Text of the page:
I know it's a small miracle, but I have been sewing. I'm really excited about this as normally when my pain increases I have to lay off the sewing, but recently I have been working on ways of managing to continue to sew, despite my increased pain levels.
The main method of managing my sewing is to actually do what I'm supposed to do - PACE!!! This is the first thing you learn when you are starting to deal with a chronic condition. You learn that you need to break tasks down into manageable chunks, to do little and often rather than do things in one big push. You learn to stop before you start to hurt more than usual and to carry on doing a little bit even when you feel rubbish. It's meant to help you even out your highs and lows and stop you doing serious damage to yourself. I always found it really hard to pace with sewing. I would get stuck into what I was doing and get distracted, and the next thing I knew I was lying on the sofa in agony. So rather than carry on sewing last time I was really bad, I stopped so I didn't damage myself.
I have decided that this time, I will not stop sewing, I will just be more strict with myself. I will only work on my sewing projects for 20-30 minutes a day and no more. And so far it is working! I'm really proud of myself for sticking to my guidelines. It means that I am moving slowly on with a project I really want to finish. I don't think it will be finished by the deadline set by an impending birth, but I think the recipient will forgive the lateness of the gift.
The project is a cot quilt. It has elephants on it! I fell in love with it when I first saw the pattern on Sew Much Ado. I am hoping that this will be my first finished quilt. I have started two other quilts, but they are still awaiting their sashing and their putting together and quilting. This is because they are both fairly large sized quilts and I have been put off by their size. This cot quilt is meant to be a finished size of 45" x 45". I think I can manage that. I have cut all the block fabric out and have decided on a layout.
I apologise for the poor photo but I used my mobile phone camera and it was an overcast day. The photo was meant only as an aide-memoir so I would know how to construct my quilt top. You can see some of the fabrics a little more clearly in the following photo.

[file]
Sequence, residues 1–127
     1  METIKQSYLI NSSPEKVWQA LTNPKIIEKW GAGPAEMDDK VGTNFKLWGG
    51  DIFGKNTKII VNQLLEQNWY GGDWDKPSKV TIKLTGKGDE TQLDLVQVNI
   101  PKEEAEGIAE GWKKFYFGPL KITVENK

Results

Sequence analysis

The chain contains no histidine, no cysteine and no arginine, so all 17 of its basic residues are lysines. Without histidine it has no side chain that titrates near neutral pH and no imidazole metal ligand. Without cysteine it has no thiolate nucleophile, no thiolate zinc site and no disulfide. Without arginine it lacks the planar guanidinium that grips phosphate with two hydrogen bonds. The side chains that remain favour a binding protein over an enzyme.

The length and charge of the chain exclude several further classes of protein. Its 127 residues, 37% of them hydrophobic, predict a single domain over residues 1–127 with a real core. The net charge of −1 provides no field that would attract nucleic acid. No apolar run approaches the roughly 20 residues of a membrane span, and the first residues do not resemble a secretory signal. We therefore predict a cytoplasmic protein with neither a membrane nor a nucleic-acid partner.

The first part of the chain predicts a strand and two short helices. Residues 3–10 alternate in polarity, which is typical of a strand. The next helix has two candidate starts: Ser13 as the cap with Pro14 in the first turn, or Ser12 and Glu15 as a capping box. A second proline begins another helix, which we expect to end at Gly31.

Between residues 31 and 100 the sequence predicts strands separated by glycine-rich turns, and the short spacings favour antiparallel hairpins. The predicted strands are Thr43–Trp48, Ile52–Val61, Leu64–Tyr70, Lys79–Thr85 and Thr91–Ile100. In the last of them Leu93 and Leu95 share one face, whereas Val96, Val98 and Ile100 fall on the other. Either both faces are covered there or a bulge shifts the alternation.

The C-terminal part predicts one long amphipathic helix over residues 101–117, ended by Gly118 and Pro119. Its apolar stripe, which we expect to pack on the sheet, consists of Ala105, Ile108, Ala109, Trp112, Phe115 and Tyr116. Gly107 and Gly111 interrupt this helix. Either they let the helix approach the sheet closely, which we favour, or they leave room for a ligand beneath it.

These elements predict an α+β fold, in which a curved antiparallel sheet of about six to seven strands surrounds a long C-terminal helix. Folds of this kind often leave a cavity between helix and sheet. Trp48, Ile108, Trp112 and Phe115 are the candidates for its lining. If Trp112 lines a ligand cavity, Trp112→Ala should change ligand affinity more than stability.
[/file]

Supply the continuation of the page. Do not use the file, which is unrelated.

By the way, that little table top ironing board is one of the ways in which I have aided my pacing. It is incredibly light and when it is put on the table, where I do my sewing, it is the perfect height for me to do my pressing. It means I can put the board up without having to ask my partner to do it when he comes home from work. I can use it whenever I want. As it is not free standing it does not take up any extra space, so it can be left up if I know I'll be using it again the next day.
With this quilt I have been working slowly, day by day, sometimes having to rest for a while before starting again. First I cut each fabric out and now I am working on the elephant applique.
I have done 6 of the 9 blocks! I am being held up after ordering more heat n' bond, but I will probably start attaching the border to each of the finished blocks while I wait. I am so proud of what I have accomplished with this quilt, by breaking it into little bite sized chunks. I know it won't be finished in time, but I'm sure the baby won't mind getting it for Christmas!
The pattern recommends sewing the applique pieces 1/8th" inside the outer edge. I decided that I didn't want the ragged edge look and decided to try out the zig-zag stitch on my sewing machine. It was so nice to use something other than a simple straight stitch. This machine was supposed to grow with my abilities, but I haven't really tested it much of late!
I'm quite proud of how well I managed to control the machine, even if a few of the zigs went a little awry, essentially the edges are all encased within the stitching. So tomorrow, if my heat n' bond doesn't arrive, I will stitch on the border to one of my blocks. It is always difficult to stop after each little session, but I want to keep on sewing and I can only do that if I stick to my own rules and only do a little each day. If I can't stick to those rules, sewing will be banned again, and that would break my heart. I really think quilting is the way forward in this new future of paced sewing. It naturally breaks itself up into small sections. I hope that my first machine quilting endeavour will lead to me finishing up those original quilts that never got to completion! At least this quilt will be small enough for me to wrestle around the machine (I hope).
For other, less slow, works in progress, click on the button!